New York Crash Revives Fears of Terrorism
STEVE INSKEEP, host:
Here's what we know so far about the crash of a plane owned by New York Yankee pitcher Cory Lidle. It crashed into a 50-story condominium on the Upper East Side of Manhattan yesterday. Lidle and another person were killed.
This early after an accident it's also worth noting what we do not know. In a news conference last night, National Transportation Safety Board member Deborah Hersman told reporters that the plane did not send out a distress call before the crash.
Ms. DEBORAH HERSMAN (National Transportation Safety Board): We've asked the FAA and they have reviewed some air traffic control tapes. At this point in time, they have no indication that there was a mayday call.
INSKEEP: That leaves investigators searching for other evidence while New York City turns its attention to some personal stories.
There's the personal tragedy of a Yankee pitcher, and there's the almost miraculous survival of everyone in a large apartment building.
NPR's Margot Adler reports.
MARGOT ADLER: The plane started out from the small Teterboro, New Jersey, airport. It circled the Statue of Liberty and then headed up the East River. The plane was in the air for only ten minutes before it crashed into the 72nd Street building at around the 30th floor.
Two bodies were found on the street below and the plane's engine was found in one of the apartments. Flames burst out of several windows. Debris fell into the streets. Black smoke was seen across the skyline.
Chris Foage(ph) was right there.
Ms. CHRIS FOAGE (Witness): There were huge flames coming out of the top of the building in New York City. Very scary. I was on the street and I heard the bang. And I look up and I was like, oh my God, not again. Please don't say this happened again.
ADLER: In fact, many New Yorkers felt it was a reminder of 9/11. But within an hour, most had learned it was an accident. Mayor Michael Bloomberg said the city was incredibly lucky. The two people who were in one of the apartments that the plane crashed into were shaken up but unharmed. The mayor spoke to them.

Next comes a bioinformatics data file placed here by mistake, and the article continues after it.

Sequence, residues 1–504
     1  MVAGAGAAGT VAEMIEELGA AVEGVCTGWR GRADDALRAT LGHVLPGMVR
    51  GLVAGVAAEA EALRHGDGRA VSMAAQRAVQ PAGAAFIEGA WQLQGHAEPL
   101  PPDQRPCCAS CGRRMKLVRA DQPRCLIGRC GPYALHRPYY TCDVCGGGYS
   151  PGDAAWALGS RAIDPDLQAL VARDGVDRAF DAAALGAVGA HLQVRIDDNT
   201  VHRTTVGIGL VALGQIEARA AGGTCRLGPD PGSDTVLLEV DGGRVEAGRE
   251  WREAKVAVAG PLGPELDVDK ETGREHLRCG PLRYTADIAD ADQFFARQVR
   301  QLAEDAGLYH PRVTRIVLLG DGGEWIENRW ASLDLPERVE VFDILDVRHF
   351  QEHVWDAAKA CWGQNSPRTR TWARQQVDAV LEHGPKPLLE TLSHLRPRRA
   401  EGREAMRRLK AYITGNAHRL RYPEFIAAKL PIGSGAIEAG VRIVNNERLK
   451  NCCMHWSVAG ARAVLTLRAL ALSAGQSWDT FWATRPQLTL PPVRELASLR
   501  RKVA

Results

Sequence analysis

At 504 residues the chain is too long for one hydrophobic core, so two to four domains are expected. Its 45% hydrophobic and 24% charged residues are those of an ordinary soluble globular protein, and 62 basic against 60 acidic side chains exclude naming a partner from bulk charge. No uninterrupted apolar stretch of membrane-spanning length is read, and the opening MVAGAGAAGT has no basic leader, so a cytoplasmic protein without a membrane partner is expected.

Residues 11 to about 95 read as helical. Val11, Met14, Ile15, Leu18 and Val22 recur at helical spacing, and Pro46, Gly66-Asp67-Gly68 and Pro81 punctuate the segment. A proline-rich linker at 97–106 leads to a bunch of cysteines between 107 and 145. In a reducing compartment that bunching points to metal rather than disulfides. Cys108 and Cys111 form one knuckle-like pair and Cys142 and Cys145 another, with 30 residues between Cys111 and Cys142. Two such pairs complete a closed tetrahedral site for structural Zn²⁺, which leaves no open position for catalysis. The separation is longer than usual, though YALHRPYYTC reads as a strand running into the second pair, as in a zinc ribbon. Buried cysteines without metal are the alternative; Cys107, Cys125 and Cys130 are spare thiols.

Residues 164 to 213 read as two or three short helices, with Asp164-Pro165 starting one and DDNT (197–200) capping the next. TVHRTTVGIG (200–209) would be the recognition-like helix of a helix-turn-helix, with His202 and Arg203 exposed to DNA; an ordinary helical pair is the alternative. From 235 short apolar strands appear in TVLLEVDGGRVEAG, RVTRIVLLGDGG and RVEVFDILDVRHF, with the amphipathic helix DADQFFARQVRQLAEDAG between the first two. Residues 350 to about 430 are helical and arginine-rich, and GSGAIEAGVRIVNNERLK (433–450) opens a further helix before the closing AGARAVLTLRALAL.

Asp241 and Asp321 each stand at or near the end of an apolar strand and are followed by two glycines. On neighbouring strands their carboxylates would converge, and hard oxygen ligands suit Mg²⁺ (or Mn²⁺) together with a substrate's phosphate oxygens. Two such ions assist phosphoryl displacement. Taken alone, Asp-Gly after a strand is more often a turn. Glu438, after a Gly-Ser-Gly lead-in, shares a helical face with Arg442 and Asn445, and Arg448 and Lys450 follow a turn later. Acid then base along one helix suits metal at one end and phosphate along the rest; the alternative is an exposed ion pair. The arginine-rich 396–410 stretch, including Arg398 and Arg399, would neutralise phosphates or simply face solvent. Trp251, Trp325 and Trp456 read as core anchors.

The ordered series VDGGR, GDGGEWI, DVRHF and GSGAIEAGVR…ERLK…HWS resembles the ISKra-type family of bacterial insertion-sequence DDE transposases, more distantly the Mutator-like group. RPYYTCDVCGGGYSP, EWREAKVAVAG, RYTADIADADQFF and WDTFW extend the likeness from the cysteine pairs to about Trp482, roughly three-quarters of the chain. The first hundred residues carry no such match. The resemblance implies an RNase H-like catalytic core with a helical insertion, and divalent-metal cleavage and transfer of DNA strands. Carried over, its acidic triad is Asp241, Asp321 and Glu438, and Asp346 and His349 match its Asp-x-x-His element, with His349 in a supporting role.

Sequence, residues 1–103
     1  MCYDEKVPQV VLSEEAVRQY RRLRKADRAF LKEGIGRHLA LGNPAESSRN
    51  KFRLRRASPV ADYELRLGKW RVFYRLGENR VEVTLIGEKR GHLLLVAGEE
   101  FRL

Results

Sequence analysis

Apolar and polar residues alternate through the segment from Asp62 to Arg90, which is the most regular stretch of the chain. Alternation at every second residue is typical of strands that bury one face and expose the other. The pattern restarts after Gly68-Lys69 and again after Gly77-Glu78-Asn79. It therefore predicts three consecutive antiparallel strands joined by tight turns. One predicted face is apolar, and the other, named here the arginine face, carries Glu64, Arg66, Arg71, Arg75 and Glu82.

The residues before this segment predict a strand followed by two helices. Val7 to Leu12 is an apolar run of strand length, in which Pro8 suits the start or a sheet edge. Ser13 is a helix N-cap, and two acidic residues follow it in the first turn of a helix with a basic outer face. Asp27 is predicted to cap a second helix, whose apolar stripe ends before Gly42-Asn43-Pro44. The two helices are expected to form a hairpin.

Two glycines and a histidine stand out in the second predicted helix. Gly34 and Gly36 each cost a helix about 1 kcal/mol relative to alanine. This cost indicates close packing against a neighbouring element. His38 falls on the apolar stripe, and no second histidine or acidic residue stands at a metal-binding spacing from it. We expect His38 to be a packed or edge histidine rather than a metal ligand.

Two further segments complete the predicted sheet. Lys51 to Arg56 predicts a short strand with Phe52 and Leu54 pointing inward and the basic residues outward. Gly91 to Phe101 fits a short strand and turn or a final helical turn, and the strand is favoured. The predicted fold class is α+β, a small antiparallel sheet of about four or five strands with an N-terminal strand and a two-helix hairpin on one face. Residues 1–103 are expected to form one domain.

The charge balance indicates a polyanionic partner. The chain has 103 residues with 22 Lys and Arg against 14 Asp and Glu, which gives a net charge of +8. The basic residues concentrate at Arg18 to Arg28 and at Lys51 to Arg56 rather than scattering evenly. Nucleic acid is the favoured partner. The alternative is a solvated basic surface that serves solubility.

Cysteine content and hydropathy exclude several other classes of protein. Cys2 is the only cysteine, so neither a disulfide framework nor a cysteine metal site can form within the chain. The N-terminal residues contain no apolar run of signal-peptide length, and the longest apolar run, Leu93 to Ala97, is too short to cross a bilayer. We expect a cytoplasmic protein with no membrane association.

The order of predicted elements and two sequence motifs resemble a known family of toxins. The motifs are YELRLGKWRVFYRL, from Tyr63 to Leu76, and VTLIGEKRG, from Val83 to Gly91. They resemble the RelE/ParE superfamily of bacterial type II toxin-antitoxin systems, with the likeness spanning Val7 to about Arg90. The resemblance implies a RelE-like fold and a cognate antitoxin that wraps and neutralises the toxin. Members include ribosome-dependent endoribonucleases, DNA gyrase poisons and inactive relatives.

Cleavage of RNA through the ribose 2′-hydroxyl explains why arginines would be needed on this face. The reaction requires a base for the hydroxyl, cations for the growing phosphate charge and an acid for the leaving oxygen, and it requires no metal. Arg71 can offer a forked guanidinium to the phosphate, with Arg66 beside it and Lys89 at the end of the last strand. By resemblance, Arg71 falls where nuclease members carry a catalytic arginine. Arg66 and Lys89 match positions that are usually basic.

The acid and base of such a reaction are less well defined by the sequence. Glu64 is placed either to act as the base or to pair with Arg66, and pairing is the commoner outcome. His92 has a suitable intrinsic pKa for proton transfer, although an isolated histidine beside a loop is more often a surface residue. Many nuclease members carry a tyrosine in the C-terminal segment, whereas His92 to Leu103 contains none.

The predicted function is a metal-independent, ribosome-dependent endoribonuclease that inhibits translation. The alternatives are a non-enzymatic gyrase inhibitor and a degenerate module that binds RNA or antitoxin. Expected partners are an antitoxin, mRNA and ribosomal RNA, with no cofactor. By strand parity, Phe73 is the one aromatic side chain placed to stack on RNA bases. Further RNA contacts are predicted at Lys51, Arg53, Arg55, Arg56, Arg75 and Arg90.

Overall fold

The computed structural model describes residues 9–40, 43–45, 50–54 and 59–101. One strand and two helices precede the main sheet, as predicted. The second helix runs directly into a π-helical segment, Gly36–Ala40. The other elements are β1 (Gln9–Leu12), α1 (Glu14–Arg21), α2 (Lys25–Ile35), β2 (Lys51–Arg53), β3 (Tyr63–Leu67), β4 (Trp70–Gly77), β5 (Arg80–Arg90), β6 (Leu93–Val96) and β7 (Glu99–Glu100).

Mayor MICHAEL BLOOMBERG (Republican, New York City): They said they were sitting there. They heard a noise; instantly glass breaking and metal coming in. And they ran to the door out into the hall. And that's all they could tell us.
ADLER: Mayor Bloomberg also said the people were beginning to reoccupy many of the building's apartments.
Mayor BLOOMBERG: They do not believe that there's any structural damage and the fire has been totally knocked out.
ADLER: Bloomberg said that the emergency response was massive, quick and coordinated. The National Transportation Safety Board is beginning its investigation of the crash. Meanwhile, as the story changed, New Yorkers took the changes in stride as they listened to the news.
Demetrius Ducasta(ph) was just getting out of high school.
Mr. DEMETRIUS DUCASTA (High School Student, New York City): I just thought that, like, another terrorist attack was happening, until they said it was just a minor accident.
ADLER: As the story changed from possible terrorism to a baseball tragedy, New York was gearing up to watch the New York Mets play in the playoffs. Near a subway station, many people, some in New York Mets t-shirts, were on their way to Shea Stadium to see game one of the National League Championship Series.
The reports of Cory Lidle's death were on many minds, like that of Sam Stires(ph).
Mr. SAM STIRES (New York Resident): You know, a Mets fan, I'm a baseball fan and it's absolutely horrible. And I feel for his family first. You know, I hope they do something at the game tonight just to honor him. But I still think they should play the game.
ADLER: The game was postponed, but due to rain.
The death of Cory Lidle brought other memories back to New Yorkers: memories going back to 1979 and the death in a plane crash of beloved Yankee catcher Thurman Munson. Munson's number 15 was retired and his locker in the Yankee clubhouse remains unused.
As for Cory Lidle, he was a fairly new pilot. He had only been with the Yankees for a few months and ended his year with a team on a sour note. He was taken out of the rotation during post-season play. He leaves a wife and a six-year-old child.
Margot Adler, NPR News, New York.
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